Proof of Proposition 2
 (i).:

We know from above that I(0,0) < I(0,β). Suppose β ≤ 1. If I(β,β) ≥I(0,0), the result holds for α^{′} = β. If I(β,β) < I(0,0) < I(0,β), the result follows from the observation that I(α,β) is a continuous function. Next, suppose β > 1. If I(α,β) ≥I(0,0), the result holds for α^{′} = 1. If I(1,β) < I(0,0) < I(0,β), the result follows from the observation that I(α,β) is a continuous function.
 (ii).:

Follows from 2(i) and Proposition 1.
Proof of Proposition 3
 (i).:

We first establish that I(β,β) < I(0,0) for a symmetric distribution with σ > 2. The result then follows from the fact that I(α,β) is a continuous decreasing function of α. Take the derivative of ρ(β) ≡I(β) to yield
Let the median wage be w_{M}. The above is negative if and only if
Using symmetry, which implies g(x) ≡ h(w_{M} − x) = h(w_{M} + x), and reversing the limits of integration we arrive at (12) which is equivalent to (11):
To show that (12) holds it is sufficient to show that (13) holds weakly for x = 0 and strictly for all \(x\in \left (0 \right .\frac {\overline {w} \underline {w}}{2}]\).
Clearly, (13) holds weakly for x = 0 since H(w_{M}) = 1/2. We now show that (13) holds strictly for \(x\in \left (0 \right .\frac {\overline {w} \underline {w}}{2}]\), which implies \(\frac {\overline {w} \underline {w}}{2}\le w_{M}\). So we have 2H(w_{M} − x) < 1 and, given that \(\frac {1}{\sigma 1}1<0\) for σ > 2, it follows that
Finally, (14) and (w_{M} − x) < (w_{M} + x) implies that (12) holds strictly for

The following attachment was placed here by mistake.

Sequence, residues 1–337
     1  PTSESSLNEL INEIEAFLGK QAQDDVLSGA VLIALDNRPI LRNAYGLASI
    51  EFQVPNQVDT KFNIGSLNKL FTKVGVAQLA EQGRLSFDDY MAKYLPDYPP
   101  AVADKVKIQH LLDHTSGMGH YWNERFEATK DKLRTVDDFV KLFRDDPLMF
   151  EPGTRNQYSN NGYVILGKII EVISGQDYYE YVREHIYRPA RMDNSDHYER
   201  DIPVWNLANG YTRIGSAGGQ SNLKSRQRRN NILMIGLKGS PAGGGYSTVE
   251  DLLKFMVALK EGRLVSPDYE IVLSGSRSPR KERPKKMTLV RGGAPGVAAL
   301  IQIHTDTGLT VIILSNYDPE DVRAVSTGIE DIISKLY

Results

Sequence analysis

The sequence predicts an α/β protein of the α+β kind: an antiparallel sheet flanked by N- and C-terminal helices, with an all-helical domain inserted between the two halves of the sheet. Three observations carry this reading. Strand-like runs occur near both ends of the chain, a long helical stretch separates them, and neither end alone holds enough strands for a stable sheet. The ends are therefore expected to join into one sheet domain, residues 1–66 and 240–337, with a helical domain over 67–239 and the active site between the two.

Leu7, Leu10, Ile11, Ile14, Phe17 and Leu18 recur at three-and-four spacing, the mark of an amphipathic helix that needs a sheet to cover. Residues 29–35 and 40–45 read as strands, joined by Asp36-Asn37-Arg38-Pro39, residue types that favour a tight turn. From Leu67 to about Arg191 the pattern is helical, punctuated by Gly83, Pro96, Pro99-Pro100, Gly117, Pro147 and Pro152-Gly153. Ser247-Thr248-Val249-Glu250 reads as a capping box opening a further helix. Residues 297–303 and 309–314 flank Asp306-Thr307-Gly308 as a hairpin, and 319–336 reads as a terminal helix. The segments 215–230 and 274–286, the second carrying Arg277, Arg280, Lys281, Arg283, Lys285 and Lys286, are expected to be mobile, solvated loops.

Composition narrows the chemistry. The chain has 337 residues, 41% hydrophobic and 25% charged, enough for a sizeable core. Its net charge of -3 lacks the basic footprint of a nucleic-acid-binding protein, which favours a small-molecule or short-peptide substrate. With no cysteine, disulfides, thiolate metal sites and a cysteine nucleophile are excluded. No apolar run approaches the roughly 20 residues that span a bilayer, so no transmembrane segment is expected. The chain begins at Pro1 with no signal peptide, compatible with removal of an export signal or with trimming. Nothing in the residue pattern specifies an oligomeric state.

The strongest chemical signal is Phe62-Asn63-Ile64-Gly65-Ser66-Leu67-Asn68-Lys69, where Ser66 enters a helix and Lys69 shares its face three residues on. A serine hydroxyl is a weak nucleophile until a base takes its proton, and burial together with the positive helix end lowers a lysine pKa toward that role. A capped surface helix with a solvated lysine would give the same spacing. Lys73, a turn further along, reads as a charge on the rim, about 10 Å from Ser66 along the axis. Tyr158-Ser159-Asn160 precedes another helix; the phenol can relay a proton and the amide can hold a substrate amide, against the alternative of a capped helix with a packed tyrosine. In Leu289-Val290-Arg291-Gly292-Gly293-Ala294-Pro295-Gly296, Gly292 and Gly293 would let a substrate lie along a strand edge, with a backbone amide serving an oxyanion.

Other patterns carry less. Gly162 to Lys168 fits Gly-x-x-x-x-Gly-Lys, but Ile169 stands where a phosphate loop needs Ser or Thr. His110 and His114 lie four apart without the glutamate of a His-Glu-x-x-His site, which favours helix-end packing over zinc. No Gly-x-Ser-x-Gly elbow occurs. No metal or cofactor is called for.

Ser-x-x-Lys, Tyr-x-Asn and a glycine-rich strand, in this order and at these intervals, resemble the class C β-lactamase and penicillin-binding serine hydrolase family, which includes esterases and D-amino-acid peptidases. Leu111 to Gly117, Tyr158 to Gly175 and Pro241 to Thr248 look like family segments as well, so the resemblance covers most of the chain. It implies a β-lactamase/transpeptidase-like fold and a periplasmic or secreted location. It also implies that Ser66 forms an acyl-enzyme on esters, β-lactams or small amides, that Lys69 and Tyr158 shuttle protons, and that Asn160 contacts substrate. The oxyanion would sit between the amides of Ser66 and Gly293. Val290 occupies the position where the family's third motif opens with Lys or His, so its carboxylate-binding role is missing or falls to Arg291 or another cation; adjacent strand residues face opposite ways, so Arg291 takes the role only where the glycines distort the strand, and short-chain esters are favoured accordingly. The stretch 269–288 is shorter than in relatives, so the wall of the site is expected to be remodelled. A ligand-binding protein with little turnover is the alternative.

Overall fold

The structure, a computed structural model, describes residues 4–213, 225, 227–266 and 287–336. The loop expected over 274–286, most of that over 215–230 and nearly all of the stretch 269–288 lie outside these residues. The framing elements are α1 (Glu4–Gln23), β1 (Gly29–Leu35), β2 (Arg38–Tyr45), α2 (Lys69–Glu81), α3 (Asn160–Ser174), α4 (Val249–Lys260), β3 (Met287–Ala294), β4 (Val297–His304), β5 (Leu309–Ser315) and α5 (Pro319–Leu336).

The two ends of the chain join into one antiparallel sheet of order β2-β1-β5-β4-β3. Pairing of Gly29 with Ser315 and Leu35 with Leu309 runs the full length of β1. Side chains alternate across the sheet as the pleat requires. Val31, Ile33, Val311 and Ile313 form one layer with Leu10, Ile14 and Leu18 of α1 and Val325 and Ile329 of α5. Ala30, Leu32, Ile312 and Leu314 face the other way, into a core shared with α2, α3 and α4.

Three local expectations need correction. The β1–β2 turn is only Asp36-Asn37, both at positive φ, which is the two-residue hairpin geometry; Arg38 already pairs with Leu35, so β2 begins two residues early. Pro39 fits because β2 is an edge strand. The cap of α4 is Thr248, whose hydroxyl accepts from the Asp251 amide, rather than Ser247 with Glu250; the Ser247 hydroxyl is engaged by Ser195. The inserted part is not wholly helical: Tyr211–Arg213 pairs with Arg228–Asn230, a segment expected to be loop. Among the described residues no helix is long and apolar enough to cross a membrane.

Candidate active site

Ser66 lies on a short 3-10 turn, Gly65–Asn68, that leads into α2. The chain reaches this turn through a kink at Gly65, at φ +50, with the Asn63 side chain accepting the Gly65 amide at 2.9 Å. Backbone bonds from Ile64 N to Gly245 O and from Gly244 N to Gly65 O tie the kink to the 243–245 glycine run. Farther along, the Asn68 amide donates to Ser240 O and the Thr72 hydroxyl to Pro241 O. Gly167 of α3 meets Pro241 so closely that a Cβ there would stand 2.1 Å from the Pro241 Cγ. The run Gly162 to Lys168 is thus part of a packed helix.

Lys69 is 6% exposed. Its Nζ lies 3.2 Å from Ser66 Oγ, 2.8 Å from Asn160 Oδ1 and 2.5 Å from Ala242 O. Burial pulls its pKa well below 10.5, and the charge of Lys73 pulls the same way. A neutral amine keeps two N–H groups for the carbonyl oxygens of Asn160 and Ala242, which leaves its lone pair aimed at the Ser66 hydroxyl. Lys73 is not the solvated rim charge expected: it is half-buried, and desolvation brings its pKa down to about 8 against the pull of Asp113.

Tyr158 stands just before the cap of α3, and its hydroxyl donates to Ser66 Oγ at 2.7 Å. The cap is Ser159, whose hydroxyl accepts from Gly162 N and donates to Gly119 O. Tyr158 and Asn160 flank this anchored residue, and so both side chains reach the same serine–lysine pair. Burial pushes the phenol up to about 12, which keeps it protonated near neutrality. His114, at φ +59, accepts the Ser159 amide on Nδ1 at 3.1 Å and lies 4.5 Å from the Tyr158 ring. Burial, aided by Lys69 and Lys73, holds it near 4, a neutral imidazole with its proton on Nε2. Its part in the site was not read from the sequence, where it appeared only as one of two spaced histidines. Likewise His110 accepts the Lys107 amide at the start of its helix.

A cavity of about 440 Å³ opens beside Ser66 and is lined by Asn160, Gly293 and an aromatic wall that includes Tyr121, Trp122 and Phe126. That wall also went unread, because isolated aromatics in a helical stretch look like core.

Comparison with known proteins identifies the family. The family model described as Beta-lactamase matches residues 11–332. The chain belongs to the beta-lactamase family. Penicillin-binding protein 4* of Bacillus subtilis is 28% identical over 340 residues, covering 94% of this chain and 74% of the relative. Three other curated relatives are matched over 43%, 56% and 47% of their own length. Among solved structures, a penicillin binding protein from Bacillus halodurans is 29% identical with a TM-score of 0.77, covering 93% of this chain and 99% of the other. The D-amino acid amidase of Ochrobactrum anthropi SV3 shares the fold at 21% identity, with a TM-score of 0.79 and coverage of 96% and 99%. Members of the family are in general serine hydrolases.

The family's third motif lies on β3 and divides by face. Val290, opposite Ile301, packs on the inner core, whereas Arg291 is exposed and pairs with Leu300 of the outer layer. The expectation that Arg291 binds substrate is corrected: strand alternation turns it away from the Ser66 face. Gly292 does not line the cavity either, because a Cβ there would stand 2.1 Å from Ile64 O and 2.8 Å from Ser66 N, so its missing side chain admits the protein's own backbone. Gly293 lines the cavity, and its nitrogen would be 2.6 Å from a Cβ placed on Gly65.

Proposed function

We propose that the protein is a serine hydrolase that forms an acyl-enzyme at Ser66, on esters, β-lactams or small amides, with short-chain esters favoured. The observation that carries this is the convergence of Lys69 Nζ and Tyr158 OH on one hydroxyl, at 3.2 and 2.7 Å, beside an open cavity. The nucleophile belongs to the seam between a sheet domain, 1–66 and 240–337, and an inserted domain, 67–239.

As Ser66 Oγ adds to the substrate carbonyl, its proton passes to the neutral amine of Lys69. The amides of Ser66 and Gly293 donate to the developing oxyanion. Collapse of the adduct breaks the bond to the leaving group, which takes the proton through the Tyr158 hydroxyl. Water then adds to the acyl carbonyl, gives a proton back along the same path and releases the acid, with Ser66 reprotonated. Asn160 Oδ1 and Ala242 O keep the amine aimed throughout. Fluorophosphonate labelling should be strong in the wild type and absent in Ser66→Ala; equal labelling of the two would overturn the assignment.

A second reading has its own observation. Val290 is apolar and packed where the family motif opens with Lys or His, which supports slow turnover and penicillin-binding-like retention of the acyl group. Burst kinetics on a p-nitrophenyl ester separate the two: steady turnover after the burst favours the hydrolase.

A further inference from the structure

(ii). Follows from part (i) and Proposition 1. □
Proof of the Lemma
Observe that γ(w_{M},α,β) can be written as
Average income of those above the median is given by \({\int }_{w_{M}}^{\overline {w}} {zL\left (z,\tau \right )} 2h(z)dz\) and average income of those below the median is given by \({\int }_{\underline {w}}^{w_{M}} {zL(z,\tau )} 2h(z)dz\). For all β > 0 and α ∈ [0,β] the sum in the first bracketed term is positive since average income of those above the median is greater than average income of those below the median. The sum in the second bracketed term is positive because average income of those above the median is greater than the median income. The sum in the third bracketed term is positive because median income is greater than the average income of those below the median. □
Proof of Proposition 5
Let τ_{M} denote the most preferred tax for an otherregarding median agent and let τ^{S} denote the most preferred tax for a selfish median agent. The condition α = β implies that labor income for the selfish median voter equals that of the inequality averse median voter; namely, w_{M}L(w_{M},τ). Thus, τ^{S} must satisfy
Now if we evaluate the expression in (7) at τ = τ^{S} we get
Given that τ_{M} must satisfy (6) it follows that τ_{M} > τ^{S}. □
Rights and permissions
About this article
Cite this article
Murray, M.N., Peng, L. & Santore, R. How does inequality aversion affect inequality and redistribution?. J Econ Inequal 16, 507–525 (2018). https://doi.org/10.1007/s1088801893897
Received:
Accepted:
Published:
Issue Date:
Keywords
 Income distribution
 Inequality aversion
 Redistribution